Do we need a standard formula for savings rate?


#1

Hopefully I’m not repeating an old thread here…

How do YOU calculate your savings rate?

I take my net income after expenses and add 401k contributions, HSA contributions, 529 contributions, IRA contributions, and mortgage principal for home plus rentals. That’s my numerator. Denominator is total net (after tax) income.


#2

There is an old thread on this topic, but the old thread likely got buried and is not easy to find anymore, and I think it’s always an interesting topic.

I calculate my savings rate as:

Numerator: Change in net worth for the period

Denominator: After-tax income + before tax savings automatically deducted from pay (i.e. RRSP contributions and employer match [I’m in Canada, RRSP is approximately equivalent to a 401K])

There’s obviously a bit of an issue here because the change in net worth includes some market changes and income (i.e. dividends) that aren’t included in the income number. However, these are small enough at this point in my journey that I’m not very concerned about it. At a later point it will likely make more sense to change the numerator to total contributions + principal reduction of any debt.

I see this a lot, and I’m always curious - why don’t you include your before-tax savings (i.e. 401K, HSA) in your denominator? Assuming these are deducted directly from a paycheque, they wouldn’t be included in your net (after tax) income, but they are technically a part of your income, just a part that gets saved before it hits your bank account.


#3

The formula that I use is:

(Pre-tax deductions + Post-tax savings) / (Post-tax income + Pre-tax deductions)

Pre-tax deductions = Traditional 401(k), Traditional IRA, HSA
Post-tax savings = Roth IRA, savings account, taxable account

Post-tax income = my net pay
Pre-tax deductions = Traditional 401(k), Traditional IRA, HSA


#4

I start with how much I actually saved. 401K, HSA, 401K Match, investments, etc. Then, take my gross income and divide it. You maybe can deduct medicare/FICA from the gross income, but then subtract any company 401K match.

There was a time when I was still working, I was saving 2x+ my gross pay, including any medicare. Then I set a date to leave my job.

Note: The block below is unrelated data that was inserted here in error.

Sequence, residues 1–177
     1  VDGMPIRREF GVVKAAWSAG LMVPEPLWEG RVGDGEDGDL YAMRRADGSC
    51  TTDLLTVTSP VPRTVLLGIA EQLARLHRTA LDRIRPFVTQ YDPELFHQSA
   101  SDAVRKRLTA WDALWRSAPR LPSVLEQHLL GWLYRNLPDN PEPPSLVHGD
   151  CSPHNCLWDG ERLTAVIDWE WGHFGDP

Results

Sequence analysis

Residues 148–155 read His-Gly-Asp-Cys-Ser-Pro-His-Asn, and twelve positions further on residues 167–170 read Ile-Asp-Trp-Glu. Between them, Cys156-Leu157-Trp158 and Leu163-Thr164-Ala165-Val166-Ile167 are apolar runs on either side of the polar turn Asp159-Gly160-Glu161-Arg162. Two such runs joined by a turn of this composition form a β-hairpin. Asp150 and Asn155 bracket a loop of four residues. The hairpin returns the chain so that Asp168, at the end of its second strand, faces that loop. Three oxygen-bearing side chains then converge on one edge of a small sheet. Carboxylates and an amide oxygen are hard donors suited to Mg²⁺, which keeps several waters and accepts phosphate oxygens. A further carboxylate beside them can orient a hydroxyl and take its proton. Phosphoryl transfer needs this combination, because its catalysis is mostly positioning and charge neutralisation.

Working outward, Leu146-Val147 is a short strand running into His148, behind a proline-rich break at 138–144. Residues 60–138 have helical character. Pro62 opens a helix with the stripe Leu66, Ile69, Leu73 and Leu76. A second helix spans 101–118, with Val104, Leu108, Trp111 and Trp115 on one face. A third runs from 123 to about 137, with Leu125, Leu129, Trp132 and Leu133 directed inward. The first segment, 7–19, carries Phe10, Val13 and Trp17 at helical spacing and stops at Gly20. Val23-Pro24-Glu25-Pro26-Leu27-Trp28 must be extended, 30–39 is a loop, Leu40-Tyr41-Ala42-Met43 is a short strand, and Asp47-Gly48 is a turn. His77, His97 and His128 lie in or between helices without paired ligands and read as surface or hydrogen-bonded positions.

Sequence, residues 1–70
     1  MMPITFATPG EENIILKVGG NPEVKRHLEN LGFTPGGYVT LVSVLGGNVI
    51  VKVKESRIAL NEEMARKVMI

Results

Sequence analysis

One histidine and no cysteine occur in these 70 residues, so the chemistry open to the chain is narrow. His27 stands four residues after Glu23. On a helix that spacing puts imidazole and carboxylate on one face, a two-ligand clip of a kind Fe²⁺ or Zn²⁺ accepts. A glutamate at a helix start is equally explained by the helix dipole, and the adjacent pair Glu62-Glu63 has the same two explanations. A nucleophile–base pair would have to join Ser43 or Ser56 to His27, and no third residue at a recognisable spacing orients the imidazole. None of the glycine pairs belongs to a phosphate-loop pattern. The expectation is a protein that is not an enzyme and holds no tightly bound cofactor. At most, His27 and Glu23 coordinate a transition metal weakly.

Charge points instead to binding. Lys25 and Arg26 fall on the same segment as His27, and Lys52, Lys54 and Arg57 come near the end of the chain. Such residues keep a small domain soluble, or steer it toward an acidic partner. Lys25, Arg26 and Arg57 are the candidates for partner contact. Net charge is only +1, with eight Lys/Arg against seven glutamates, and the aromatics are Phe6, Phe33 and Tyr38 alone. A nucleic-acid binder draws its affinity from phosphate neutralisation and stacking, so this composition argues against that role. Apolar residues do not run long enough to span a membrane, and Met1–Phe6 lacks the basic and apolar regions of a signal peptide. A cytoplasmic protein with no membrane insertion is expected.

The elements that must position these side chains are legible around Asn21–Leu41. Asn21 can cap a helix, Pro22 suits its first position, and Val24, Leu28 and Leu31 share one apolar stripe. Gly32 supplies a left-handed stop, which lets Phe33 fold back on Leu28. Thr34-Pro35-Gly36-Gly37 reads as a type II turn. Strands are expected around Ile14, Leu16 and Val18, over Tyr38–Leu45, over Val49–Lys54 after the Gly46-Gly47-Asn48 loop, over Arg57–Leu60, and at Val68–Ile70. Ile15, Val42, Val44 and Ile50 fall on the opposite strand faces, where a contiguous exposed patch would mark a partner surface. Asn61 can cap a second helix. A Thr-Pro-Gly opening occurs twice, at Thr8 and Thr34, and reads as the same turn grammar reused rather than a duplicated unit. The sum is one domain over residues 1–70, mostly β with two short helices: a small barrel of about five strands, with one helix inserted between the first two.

#5

I actually wrote an article about how talking about “savings rates” is meaningless, because there are too many different formulas. So if I say I save 50% of my income, and you say that you only save 40% of your income, we can be saving the same exact amount with the same income but have different percentages. In fact, if you read the comments of the article, you’ll see that pretty much everyone has their own formula.

The article also inspired Early Retirement Now to talk about his savings rate - and how by working the numbers he could come up with a 90% rate.


#6

@ChiefMomOfficer I think those posts were the reason I stopped watching my savings rate because it was worthless. I realized mine was high but I wasn’t actually saving where I should.

Everyone is doing it completely differently. If you are looking to use it to compare with others I think you missed the point. We don’t share networth and savings rates to compare, we do it to hold ourselves accountable and keep pushing to FI.


#7

It’s useful if you use the same formula and compare it to your prior year/month savings, but I think some people do try to compare with others, and that’s where the different calculations hurt. I think of savings rate like I think of net worth - an interesting number, but not useful in and of itself. I find it more useful to set goals & measure my progress towards those goals.


#8

I think they’re all pretty close. The only variable in my own calculation is that I add mortgage principal to the numerator, since I’m effectively “saving” that amount by accumulating an ever-greater share of an asset (my home). It’s a nice thing to help offset the angst over how much of your mortgage goes to interest. I think Mr. Money Mustache uses this formula.
Agree with BOAS too - this should be more for benchmarking our own personal progress, not for a “beauty pageant.”


#9

I also use the MMM formula for calculating my savings rate, adding my mortgage principal back in. Like @budgetOnaStick said, everyone is using it to hold themselves accountable. To @ChiefMomOfficer’s point, if you’re using it to see where you stand in the fray, it’s meaningless since you can manipulate the numbers so much. But the only people we’re fooling are ourselves. For me, the savings rate is a great metric because I use it to compare my own family’s spending each year with our spending last year. In that respect, I think it’s really useful, because it’s a big overall view of how much we’re spending and how much we’re saving. I also have goals that we work towards, but because I’m such a spender, if I didn’t worry about our savings rate so much, I know I’d spend more. It’s a great extrinsic motivator for me. But each person needs his own method for tracking, IMO.


#10

I think I linked to this in the other thread. My Excel based calculator calculates gross and net savings rates, which can be quite different (ours is about 50% and 78% respectively).